Adrienne Rich was known for her bold words regarding oppression, women’s rights, and social injustice. She let her moral values shine through her work, demonstrating the strength and importance they held in her life. These values were clearly instilled in her very early on, provoking questions of how she learned them. A believable answer is that Adrienne Rich was homeschooled until fourth grade. This meant that many of her fundamental values came from her parents and her home environment, rather than from her peers and teachers. It has been proven that children learn most of their fundamental values throughout their early childhood, and the environment that they learn them in plays a huge role in the formation of said beliefs. Being homeschool until she was old enough to differentiate her own values from others, implies that the values that Rich carried with her throughout her life were most likely some that she learned at home when she was growing up. Being homeschooled meant that Rich was not influenced by her peers contrasting opinions, but rather the opposite as she learned to share the same views as her parents and her surrounding home environment. This also implies that her parent’s views on oppression, women’s rights, and social injustice were most likely as strong as her own, if not stronger. Rich went on to use the values that she developed at home to make her work meaningful and powerful. This further goes to show why Adrienne Rich felt comfortable breaking down boundaries and discussing controversial and sensitive topics in her works. While being homeschooled does not appear as fundamental in the creation of personal values for some, it is clear that because of Rich’s age throughout her time being homeschooled, the way she saw the world and the issues it contained were truly impacted. The impact that her homeschooling had on her writing is evident in many of her poems, including “North American Time”, “Translations”, and “Power”. All of these poems were works that I included in my research paper to demonstrate the incredible influence and confidence Rich had in her words.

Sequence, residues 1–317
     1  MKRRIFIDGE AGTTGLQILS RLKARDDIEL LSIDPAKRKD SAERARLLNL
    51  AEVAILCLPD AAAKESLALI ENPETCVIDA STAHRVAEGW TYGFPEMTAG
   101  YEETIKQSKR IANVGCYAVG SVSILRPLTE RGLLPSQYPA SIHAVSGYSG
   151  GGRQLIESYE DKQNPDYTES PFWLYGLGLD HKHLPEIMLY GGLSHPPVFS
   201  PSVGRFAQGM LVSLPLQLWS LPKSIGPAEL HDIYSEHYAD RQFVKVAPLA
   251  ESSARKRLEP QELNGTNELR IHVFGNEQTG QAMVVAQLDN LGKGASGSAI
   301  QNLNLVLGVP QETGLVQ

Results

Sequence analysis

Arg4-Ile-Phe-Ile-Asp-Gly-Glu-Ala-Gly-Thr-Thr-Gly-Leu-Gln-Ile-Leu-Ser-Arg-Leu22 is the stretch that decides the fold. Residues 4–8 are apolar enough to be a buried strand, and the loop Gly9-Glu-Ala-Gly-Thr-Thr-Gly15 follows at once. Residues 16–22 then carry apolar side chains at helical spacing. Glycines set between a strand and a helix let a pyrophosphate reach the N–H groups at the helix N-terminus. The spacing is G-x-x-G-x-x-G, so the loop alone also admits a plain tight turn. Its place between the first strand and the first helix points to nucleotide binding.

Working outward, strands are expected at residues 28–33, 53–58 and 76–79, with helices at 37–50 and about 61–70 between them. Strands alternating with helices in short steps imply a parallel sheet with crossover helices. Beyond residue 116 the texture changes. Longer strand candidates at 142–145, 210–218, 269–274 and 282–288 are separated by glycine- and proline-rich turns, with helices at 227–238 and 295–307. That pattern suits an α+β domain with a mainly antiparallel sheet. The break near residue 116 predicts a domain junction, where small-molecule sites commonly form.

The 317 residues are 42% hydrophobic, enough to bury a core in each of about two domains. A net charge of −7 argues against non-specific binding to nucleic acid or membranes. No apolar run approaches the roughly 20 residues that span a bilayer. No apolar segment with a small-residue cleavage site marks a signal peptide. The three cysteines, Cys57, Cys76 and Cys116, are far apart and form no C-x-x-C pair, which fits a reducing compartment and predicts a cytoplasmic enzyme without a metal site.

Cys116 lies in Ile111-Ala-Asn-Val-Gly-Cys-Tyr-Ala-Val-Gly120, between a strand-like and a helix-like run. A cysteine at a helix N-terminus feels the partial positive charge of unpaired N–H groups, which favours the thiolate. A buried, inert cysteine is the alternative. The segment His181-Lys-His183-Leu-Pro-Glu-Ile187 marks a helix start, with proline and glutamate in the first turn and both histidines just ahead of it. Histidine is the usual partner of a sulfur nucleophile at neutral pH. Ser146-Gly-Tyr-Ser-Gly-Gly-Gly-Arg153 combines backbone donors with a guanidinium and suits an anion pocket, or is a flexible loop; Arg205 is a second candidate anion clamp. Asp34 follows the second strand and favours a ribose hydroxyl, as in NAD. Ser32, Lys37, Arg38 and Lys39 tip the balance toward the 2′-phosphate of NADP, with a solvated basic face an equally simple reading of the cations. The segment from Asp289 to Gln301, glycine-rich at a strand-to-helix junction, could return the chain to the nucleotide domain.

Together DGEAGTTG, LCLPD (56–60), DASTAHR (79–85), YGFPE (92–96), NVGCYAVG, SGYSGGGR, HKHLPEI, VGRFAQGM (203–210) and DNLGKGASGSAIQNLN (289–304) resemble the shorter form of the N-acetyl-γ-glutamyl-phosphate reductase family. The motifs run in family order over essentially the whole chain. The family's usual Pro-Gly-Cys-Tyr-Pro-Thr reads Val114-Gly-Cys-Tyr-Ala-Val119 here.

Adrienne Rich was recorded reading both “North American Time” and “Power”, and I have included a reading of “Translations” as well, although it is not read by Rich.

“North American Time” Video Source: https://www.youtube.com/watch?v=bi_N3UPAD5E

“Power” Video Source: https://www.youtube.com/watch?v=AtX3sDbBqJg

“Translations” Video Source: https://www.youtube.com/watch?v=0F8nl9KwUg4&t=10s